His Long Island Rough Riders of the Premier Development League (PDL) are out to conjure something special when they open their 2018 Lamar Hunt U.S. Open Cup account. “It is a 90-minute game [120 if goes to extra time and more if penalty kicks ensue] and you never know what can happen,” said Roche, a native of Dublin, Ireland. “Soccer is a beautiful game, and anybody can beat anybody on any given day. That’s ‘The Magic of the Cup’ right there.”
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(Stephen Roche coaches the Rough Riders as well as Hofstra University's team)
The Rough Riders head into the single-elimination tournament under the tutelage of 31-year-old rookie coach Roche, who also played professionally in the League of Ireland before coming to U.S. in 2010. Roche has had stints with FC New York of the United Soccer League (USL) as well as the Rough Riders before becoming an assistant coach at Hofstra University, where the Rough Riders play their games. “I’ve been in New York for about seven years, five of which I played with the Rough Riders,” said Roche, who was named the Long Island club’s head coach this past February. “I fell in love with America, so I didn’t want to go back to Ireland. I decided to stay, and this is where my coaching career began.”
Outside the Lines
“This is my first role as a head coach. Being a recent player, I think has its benefits, as I can tell from a player’s point of view what [players] are looking for. So, having been a recent player, I think I can relate to them both on and off the field. I admit, that I’m still very young and I'm not shy in asking for advice as I have great people around me.”
The Rough Riders, founded in 1994, have a rich pedigree that stretches back to before the founding of Major League Soccer (MLS) and future clubs New York Red Bulls and New York City FC. The club’s roots are deep in the New York Metropolitan soccer scene. The Rough Riders were members of the United States International Soccer League (now USL) and captured the league’s 1995 title with a roster composed of future MLS stars, such as U.S. Men’s National Team players Chris Armas, Tony Meola, and Venezuelan international and current Portland Timbers head coach Giovanni Savarese.
With the inception of MLS in 1996, the Rough Riders stayed within the USL ranks and then captured the D3-Pro League title in 2002 before settling at the PDL level five years later.
(Gio Savarese, Tony Meola & Chris Armas - all above - were USISL champs with the Rough Riders)
Regardless of the team's previous history, Roche says there's no extra pressure for him to succeed. “If there is any pressure I would be putting it on myself,” said the former Millwall and University of College Dublin (UCD) player. “I always have high expectations of myself and of the guys coming in as I will be providing them a lot confidence. But there will also be expectation on them. The team reached the final-eight of the PDL last season and I believe that I have brought in a better squad than last year. So, our expectation is to do better than we did last year and if we reached the final eight last season, there isn’t a reason why we shouldn’t win it this year.”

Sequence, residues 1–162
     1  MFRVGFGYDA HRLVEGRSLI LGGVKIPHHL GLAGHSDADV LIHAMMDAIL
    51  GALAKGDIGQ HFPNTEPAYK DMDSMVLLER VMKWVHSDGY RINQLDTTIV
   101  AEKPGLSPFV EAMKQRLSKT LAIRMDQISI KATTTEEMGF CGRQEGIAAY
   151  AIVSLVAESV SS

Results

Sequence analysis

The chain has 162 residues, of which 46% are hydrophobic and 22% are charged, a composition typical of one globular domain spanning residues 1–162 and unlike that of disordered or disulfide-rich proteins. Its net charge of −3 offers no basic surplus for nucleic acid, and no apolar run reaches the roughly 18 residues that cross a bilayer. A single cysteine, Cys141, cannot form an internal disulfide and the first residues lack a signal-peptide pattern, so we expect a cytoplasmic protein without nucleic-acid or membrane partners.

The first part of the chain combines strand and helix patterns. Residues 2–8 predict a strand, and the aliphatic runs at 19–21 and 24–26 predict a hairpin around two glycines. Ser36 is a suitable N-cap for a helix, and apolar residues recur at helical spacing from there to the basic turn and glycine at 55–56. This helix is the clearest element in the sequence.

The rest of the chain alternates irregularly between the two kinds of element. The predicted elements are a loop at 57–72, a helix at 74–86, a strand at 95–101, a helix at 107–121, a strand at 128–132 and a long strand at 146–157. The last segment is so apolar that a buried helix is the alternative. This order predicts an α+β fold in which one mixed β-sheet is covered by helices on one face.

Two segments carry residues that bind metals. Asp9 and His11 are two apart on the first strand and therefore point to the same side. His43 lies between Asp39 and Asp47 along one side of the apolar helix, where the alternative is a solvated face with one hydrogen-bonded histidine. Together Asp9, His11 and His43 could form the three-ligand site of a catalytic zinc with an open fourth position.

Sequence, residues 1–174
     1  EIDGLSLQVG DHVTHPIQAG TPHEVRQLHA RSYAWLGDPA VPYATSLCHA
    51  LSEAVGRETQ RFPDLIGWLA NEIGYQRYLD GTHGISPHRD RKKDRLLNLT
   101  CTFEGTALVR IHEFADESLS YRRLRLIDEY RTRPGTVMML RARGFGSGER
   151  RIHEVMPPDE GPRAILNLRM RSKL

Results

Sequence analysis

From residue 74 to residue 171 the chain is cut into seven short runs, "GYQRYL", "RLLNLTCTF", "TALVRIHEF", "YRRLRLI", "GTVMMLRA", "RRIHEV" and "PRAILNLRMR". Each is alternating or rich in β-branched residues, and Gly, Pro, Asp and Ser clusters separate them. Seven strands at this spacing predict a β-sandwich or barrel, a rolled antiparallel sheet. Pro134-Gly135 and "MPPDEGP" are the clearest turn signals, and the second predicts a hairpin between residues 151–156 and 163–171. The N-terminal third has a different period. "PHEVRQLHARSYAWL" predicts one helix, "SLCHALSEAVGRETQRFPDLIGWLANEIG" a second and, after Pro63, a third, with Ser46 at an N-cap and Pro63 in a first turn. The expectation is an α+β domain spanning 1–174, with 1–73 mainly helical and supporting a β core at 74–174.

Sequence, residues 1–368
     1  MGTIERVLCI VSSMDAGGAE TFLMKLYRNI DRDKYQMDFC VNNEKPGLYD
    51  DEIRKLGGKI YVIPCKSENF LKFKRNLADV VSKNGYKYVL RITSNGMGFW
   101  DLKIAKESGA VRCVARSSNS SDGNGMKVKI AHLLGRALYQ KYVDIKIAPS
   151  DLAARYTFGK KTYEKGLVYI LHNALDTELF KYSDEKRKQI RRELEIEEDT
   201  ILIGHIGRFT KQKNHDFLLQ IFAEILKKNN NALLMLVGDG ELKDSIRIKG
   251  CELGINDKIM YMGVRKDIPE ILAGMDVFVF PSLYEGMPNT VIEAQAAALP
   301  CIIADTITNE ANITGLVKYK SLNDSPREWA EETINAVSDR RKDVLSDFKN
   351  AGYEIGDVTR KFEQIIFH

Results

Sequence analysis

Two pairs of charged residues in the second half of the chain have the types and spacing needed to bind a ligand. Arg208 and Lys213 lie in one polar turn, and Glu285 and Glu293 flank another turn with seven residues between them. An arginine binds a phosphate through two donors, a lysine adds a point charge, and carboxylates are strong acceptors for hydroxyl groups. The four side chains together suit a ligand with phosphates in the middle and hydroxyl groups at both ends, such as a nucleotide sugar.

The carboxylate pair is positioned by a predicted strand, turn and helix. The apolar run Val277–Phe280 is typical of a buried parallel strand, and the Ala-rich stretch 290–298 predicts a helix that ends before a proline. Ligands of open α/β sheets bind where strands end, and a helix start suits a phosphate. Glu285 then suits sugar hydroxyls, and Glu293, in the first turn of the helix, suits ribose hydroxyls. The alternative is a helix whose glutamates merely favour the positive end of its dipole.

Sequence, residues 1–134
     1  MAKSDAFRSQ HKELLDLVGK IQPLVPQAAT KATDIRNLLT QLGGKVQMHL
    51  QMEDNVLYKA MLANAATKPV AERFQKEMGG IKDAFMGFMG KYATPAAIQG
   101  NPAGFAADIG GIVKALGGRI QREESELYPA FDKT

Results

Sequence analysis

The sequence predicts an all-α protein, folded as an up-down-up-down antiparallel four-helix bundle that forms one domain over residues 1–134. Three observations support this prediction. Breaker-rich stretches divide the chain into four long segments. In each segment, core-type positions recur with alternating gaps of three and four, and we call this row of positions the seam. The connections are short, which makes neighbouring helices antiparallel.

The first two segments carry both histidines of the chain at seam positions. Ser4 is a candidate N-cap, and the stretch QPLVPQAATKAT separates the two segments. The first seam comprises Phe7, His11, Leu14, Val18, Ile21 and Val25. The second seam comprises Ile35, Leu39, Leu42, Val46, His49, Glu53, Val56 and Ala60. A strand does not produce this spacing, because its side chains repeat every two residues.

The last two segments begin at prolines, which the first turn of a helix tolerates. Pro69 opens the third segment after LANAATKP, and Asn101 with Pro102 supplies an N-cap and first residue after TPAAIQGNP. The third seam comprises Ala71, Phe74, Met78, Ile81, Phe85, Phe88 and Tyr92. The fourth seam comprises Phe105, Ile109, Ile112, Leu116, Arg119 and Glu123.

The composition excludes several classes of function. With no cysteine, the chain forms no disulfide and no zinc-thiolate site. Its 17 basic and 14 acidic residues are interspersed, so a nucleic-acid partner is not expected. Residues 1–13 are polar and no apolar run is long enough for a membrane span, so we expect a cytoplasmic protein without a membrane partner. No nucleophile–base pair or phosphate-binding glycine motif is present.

The Long Island club qualified for this year’s Open Cup after reaching the PDL Conference Finals in 2017, losing to eventual champions Charlotte Eagles in a penalty shootout. Now the Rough Riders are seizing the opportunity to make an impact in the 2018 Open Cup. “The Open Cup is a great competition and we’re in it because of the successes of last season and the work that Flavio Ferri did last year,” said Roche, who played under former coach Ferri of Brazil. “He did a brilliant job last year and I really enjoyed playing for him. The work he did has given me the opportunity to coach the club this year in the Open Cup.”
“The key word is opportunity. It would be great for the club to face or host an MLS team,” said Roche, caught up in that Cup magic. “It would be a great opportunity for the club and for our younger guys. I think we have a lot of future MLS players and it would be a great opportunity for them to show what they can do. It’s an opportunity and all our guys are really focused on making the best of it. We are a win away from playing a USL team and maybe two or three wins away from facing an MLS squad. So, it is a fantastic opportunity for us, but we will focus on playing one game at a time.”
Reviving a Once-Great Name
The Rough Riders coach also knows that the Open Cup is a great opportunity to get his club’s name out there again. They’ll aim at the club’s quarterfinal run of 1997 – when they were a professional side – as a rung to reach for. And he also insists it’s up to the team to get things done on the field when given the chance. “It’s definitely a way to stay in people’s mind.” Roche said. “It is the only competition that we are in the same league as the other teams. With Red Bulls and NYCFC, the teams in town, we must keep our names on people’s list somehow, so the longer we are in the competition the more people keep taking about us.”
“It would be great to play one of the big New York teams in the Cup - I think that would be very special. However, May 9th is our focus and we are not going to take any team lightly.” He said about the game against the Stockade at John Burns Park in Massapequa, N.Y.
(Today's Rough Riders are aiming to make the names ring out again)
“We are really looking forward to the Cup, as Kingston Stockade are a very solid team and they won their conference last year in the NPSL, which is another strong league,” Roche concluded. “It is difficult to know what type of roster they will be putting together, but we’ll be ready. We’ll make sure we’re prepared, have a strong team ready to go and put our best foot forward.”
If his players get their preparations right, according to Roche, there’s no reason not to hope for a little of that Old Cup Magic.